When it comes to marketing, there are numerous opportunities for business to grow. However, because every business is different, marketing in general is never a one-size-fits-all approach. While traditional marketing methods still have a place for many businesses, the ever-increasing shift to digital means that those traditional methods are becoming more and more obsolete and can cost more money. Businesses are being forced to adapt to new tactics in order to reach their customers in the digital world.
Inbound marketing involves getting your message about your products or your services to the people that are seeking them out. It’s all about showing up in search engine results for searches related to your business, rather than the traditional approach of forcing your message on people that aren’t interested.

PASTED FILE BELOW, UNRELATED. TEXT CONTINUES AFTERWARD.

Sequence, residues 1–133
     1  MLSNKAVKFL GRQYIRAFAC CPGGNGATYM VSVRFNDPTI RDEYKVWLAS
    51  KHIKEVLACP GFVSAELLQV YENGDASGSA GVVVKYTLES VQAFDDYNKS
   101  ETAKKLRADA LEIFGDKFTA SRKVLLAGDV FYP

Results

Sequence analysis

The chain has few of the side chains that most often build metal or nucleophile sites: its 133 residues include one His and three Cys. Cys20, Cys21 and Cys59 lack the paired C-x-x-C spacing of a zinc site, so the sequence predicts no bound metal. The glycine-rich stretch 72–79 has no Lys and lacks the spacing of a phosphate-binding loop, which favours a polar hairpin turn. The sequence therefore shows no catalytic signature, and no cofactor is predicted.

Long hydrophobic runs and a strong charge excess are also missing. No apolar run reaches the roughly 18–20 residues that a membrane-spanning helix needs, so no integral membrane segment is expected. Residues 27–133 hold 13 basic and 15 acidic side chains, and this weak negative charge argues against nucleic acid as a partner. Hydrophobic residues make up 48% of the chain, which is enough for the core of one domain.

There are many inbound marketing tactics that can help support the shift to digital. Building a message to reach an audience may seem simple, and in many ways, it is. The whole purpose and goal of inbound marketing is to get your business top of mind for those prospects searching for something related to your business. But navigating inbound marketing terminology can be slightly overwhelming if you’re just getting started.
Glossary of Terms
Inbound Marketing is the process of creating and generating qualified leads. While traditional marketing is all about blasting customers with direct mail, TV, radio, and magazine ads, inbound marketing uses content that is meant to appeal to your ideal customer, attract them to your business, and keep them coming back for more.
Marketing Automation Software:
Digital marketing comes with many tasks that allow marketers to reach and cultivate leads. These methods include:
These tasks can take up all of a marketer’s time quickly, leaving no room for anything else. Having a software that automates many of these things frees up valuable time.
Here are a few examples:
CMS (Content Management System):
A Content Management System allows a user to manipulate the content of a website (pages, blogs, etc.). WordPress is the most popular and secure option available.